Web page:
How to Save More Money with Open Banking

It’s been a long time coming, but on 13 January 2018, open banking officially arrived.

Since then, it has been greeted with scepticism by High Street banks and sheer, bare-faced ambition by a host of emerging fintechs. However, it is still something of an unknown entity to the average consumer.

Used correctly, open banking could help you save more money and maximise your returns. Read on to learn how you’ll be able to benefit from the open banking revolution to be a smarter saver.

Open Banking at a Glance

At its heart, open banking intends to increase competition between financial markets by making it easier for savers to find the best deal. All banks are now required to use an Application Programming Interface (API) which acts to protect consumer information and shares some basic stats with third parties.

Simply put, this means that any customer of any bank can use their everyday account to keep tabs on any other investments and savings which they have. For instance, a Danske Bank customer could use their usual Danske app to keep track of an NS&I bond, a MarketInvoice IFISA, and an IG ETF, all centralised in the one place.

With all of this financial information available at a glance, savers can make increasingly informed decisions about their spending habits, bill payments, savings and investments. Furthermore, a number of fintech companies have begun to offer free comparison services for open banking users, ensuring that savers are always being shown the best deal.

For instance, Smart Bill has announced an intention to use open banking to “solve” the £4bn subscription trap in the UK by launching a service that automatically sources the best deal for their customers’ bills. Similarly, online mortgage broker Trussle will help homeowners find the best deal on their mortgage, in an effort to “simplify and speed up the mortgage switching process”.

“This is particularly important in eradicating switching inertia, which we know to be costing around two million UK homeowners around £10bn a year,” said Trussle’s Chief Executive Ishaan Malhi.

In addition to this, current accounts, savings accounts and investments (including ISA-eligible investments) can also be tracked through open banking, with banks legally obliged to tell customers if they are able to get a better deal from another provider.

And already there are signs that open banking will lead to more competitive rates for savers, and better deals on loan products.

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Opportunities in Open Banking

Recent research from Temenos found that eight in ten bankers see open banking as an opportunity rather than a threat, and 62 per cent said they would be prepared to distribute third party products through their platforms and channels.

This suggests that traditional banks are confident in their ability to compete with the best deals on the market and may even see open banking as an opportunity to prove their value to customers.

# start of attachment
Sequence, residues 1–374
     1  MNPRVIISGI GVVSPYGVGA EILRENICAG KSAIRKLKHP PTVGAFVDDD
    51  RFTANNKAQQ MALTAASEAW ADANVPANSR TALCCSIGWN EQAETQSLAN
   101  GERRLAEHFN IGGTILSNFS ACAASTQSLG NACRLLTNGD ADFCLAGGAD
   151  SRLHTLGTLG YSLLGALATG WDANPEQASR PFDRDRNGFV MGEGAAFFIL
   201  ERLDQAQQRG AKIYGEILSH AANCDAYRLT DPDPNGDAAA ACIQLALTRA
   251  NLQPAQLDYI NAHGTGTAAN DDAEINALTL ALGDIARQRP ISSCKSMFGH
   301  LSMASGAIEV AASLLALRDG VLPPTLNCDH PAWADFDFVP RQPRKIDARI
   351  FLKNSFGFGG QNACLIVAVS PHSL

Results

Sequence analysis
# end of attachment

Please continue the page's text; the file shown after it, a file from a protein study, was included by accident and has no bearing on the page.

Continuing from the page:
“Open banking is the beginning of a new era in which banks will increasingly leverage their strength in their distribution network and their existing infrastructure for transactions, partnering with consumer-friendly and data driven start-ups that can revolutionise the last mile delivery of financial services,” said Benedetta Arese Lucini, co-founder and chief executive of Oval Money, a personal savings and financial education app.

“Today, the consumer experience is cumbersome, but open banking APIs will mean a faster, easier and more seamless service across all providers.

“This will make the benefits of regular saving available to even more people with the opportunity to deliver customised solutions for underserved groups of users.”

While the open banking revolution promises to give savers a more active role in their financial management, most consumers will benefit by simply doing nothing.

High Street banks across the UK have already started partnering with fintech firms to offer new services such as robo-advice, paperless mortgages, and credit card apps. And after a prolonged period of low interest rates on savings accounts, there are signs that open banking could force banks to offer more competitive returns to both new and existing customers.

In theory, this means that open banking has the potential to revolutionise the savings landscape.

But in reality, only three banks are currently able to offer full open banking services. Allied Irish Bank, Danske Bank and Lloyds Banking Group are already offering these services to customers, but Nationwide, Barclays, Bank of Ireland, RBS and HSBC will not be ready until March.

Until then, savers will just have to manage their finances the old-fashioned way – by keeping track of their spending habits and searching for the best savings rates.

Kathryn Gaw

Kathryn Gaw is a financial journalist based in Belfast, Northern Ireland. She has been writing about personal finance and investment trends for more than a decade, and her work has been featured in the Financial Times, City A.M., the Press Association, and The Irish Independent, among many other publications.

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